Thank you to the people behind Inside PR

Oh, and we have a new producer!

Meet Jacob Waxman (yes, he is my son and also a talented musician, producer and recording engineer). Jacob produced the episode and is also the composer of our new theme music. Roger Dey is our announcer.

Creative Commons Licence
We Are Back – Inside PR 546 by Joseph Thornley, Gini Dietrich, Martin Waxman is licensed under a Creative Commons Attribution-NonCommercial-ShareAlike 4.0 International License.

Gain a point. Lose a point. – Inside PR 541

A change of pace for FIR

The FIR Podcast is one of the longest continually-produced podcasts for communications pros. Since 2005, Shel Holtz and Neville Hobson have been providing insight into the communications trends and developments that are important to communications practitioners.

But now they are dialing back their production schedule to once a month. And as podcast producers who have followed in their footsteps, we’re glad that they are continuing. Because if you are a communications pro, you’re sure to learn something useful with each and every FIR podcast.

So, kudos Shel and Neville for finding a way to keep it going and keep it fresh.

GarageBand: Creating dreams

It’s been fifteen years since Apple first offered GarageBand with Macs. Since then, it’s become available for PCs and iOS as well. And that means there’s a whole generation of musicians and podcasters who have brought their ideas to life using Apple’s free software. In fact, we use GarageBand to mix and produce the Inside PR podcast. And it couldn’t be easier to do, thanks to the simple, intuitive interface.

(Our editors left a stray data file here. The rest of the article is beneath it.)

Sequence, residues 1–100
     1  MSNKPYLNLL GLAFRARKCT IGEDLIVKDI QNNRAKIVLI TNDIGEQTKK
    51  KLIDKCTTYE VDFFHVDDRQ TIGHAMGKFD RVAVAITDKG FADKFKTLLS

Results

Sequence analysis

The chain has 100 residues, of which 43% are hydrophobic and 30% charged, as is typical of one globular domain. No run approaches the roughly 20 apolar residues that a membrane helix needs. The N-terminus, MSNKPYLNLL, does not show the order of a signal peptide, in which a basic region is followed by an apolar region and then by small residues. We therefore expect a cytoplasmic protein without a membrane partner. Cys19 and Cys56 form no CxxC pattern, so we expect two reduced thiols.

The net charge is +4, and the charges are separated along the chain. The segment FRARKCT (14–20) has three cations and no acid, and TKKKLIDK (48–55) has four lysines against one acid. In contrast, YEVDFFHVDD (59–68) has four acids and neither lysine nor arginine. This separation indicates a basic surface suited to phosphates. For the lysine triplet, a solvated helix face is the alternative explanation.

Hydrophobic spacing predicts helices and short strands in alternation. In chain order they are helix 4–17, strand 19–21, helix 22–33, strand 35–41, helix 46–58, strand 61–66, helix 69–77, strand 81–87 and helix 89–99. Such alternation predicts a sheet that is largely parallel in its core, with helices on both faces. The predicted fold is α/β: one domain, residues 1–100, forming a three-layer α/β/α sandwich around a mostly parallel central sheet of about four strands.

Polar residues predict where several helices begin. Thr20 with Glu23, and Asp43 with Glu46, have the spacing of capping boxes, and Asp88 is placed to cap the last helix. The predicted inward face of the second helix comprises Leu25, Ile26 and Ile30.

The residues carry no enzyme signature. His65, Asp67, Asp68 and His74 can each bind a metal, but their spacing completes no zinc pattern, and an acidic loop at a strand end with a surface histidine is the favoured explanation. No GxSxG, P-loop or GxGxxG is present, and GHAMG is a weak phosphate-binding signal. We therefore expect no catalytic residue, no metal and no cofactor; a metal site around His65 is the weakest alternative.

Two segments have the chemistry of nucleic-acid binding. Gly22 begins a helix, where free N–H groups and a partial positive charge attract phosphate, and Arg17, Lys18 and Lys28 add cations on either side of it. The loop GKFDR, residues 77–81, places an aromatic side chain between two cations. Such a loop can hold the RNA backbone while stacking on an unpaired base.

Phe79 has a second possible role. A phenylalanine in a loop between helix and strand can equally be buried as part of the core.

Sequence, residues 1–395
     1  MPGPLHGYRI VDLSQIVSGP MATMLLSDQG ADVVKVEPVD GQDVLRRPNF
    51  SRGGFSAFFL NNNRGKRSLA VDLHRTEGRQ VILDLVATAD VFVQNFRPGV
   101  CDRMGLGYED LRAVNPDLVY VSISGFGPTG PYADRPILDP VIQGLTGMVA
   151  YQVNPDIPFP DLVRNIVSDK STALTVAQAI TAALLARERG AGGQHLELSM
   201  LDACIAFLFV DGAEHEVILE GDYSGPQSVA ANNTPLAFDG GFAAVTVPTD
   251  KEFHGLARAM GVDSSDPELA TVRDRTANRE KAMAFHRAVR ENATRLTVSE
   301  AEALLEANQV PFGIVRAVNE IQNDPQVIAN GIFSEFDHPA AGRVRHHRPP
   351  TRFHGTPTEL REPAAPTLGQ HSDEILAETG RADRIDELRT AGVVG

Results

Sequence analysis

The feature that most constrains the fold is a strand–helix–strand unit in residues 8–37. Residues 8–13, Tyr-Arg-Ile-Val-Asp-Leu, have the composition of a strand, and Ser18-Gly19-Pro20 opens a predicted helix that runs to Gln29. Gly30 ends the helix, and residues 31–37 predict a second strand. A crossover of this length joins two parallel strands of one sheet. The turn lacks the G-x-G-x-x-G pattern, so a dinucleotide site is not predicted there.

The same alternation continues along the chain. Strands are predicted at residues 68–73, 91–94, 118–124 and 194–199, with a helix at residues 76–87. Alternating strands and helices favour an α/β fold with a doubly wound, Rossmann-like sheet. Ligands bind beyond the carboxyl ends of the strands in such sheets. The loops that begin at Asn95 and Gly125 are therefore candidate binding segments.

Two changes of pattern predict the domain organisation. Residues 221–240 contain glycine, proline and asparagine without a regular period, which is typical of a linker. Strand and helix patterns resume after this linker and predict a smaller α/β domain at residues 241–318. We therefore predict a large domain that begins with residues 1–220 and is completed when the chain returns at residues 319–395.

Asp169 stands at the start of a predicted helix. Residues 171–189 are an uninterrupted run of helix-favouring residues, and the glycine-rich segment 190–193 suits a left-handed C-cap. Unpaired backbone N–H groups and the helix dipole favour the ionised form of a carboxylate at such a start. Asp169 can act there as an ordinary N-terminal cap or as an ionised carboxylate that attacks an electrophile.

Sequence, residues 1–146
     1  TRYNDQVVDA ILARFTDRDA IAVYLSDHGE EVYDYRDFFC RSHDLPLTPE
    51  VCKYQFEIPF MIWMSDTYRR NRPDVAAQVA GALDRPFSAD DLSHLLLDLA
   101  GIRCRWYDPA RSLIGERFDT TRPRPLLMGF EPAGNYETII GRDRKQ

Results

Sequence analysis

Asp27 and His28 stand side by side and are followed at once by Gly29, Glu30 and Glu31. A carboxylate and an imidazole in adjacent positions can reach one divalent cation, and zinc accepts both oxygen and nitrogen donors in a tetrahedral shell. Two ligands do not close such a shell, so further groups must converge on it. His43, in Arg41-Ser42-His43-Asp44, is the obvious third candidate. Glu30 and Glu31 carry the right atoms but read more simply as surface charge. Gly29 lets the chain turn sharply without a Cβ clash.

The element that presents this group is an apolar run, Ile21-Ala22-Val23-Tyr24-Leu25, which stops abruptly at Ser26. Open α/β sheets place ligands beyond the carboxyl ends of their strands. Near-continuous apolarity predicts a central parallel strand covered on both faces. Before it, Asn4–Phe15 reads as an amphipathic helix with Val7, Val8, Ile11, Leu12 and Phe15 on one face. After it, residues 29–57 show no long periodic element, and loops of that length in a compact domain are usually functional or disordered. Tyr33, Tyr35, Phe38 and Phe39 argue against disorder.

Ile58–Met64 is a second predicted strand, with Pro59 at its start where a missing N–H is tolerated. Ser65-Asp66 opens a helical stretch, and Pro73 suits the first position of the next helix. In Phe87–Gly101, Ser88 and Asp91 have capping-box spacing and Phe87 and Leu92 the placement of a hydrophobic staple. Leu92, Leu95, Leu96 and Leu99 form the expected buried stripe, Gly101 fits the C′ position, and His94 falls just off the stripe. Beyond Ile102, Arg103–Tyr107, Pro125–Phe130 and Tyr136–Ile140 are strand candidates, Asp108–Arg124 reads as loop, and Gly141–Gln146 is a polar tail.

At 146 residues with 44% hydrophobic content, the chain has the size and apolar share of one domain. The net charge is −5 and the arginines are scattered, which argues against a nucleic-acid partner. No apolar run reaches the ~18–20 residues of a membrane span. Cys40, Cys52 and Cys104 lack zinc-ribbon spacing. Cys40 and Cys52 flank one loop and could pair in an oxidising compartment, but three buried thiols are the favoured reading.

So, here’s to GarageBand. And here’s to the community of creators who have grown up around it. And here’s to Apple for giving us this incredibly useful software.

You’re just not important enough for us to take action

The abuse of social media by foreign or malevolent agents is not just confined to the United States. It is a global problem. But that doesn’t mean that the social and search platforms are giving it the same attention in countries other than the United States. Indeed, you need look no farther than across the border to the north to Canada to see Facebook and Google taking very different approaches to the responsibility that national legislators and regulators say they should take on. In this tally, Facebook gains a point. Google loses a point.

If you’re not part of the solution

Facebook’s local news support project, Today In, underlines the news deserts that have been created by the diminution out of the display ad economy that local newspapers relied on. And in doing so, it drives home that the social and search platforms efforts to “support” journalism are not adequately addressing the problems they have created. It’s time for radically different thinking.

Gini is on holiday this week. So, Joe and Martin are alone together.

Linkworthy

Subscribe to the Inside PR podcast

We’re trying to be wherever you want us to be. So, you can subscribe to Inside PR on the most popular podcast apps.

It’s your turn.

We’d love to know what you think about the topics we discussed as well as your suggestions for questions you’d like answered or topics for future shows.

Please rate us on Apple Podcasts

We hope you like the podcast as much as we like making it for you. If you do, we have a favor to ask: If you like this podcast, please rate us on Apple Podcasts.

Thank you to the people behind Inside PR.

Our theme music was created by Damon de SzegheoRoger Dey is our announcer. Inside PR is produced by Joseph Thornley.

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Inside PR 541: Gain a Point. Lose a Point. by Joseph Thornley, Gini Dietrich, Martin Waxman is licensed under a Creative Commons Attribution-NonCommercial-ShareAlike 4.0 International License.

Data Laundering the Facebook Way – Inside PR 535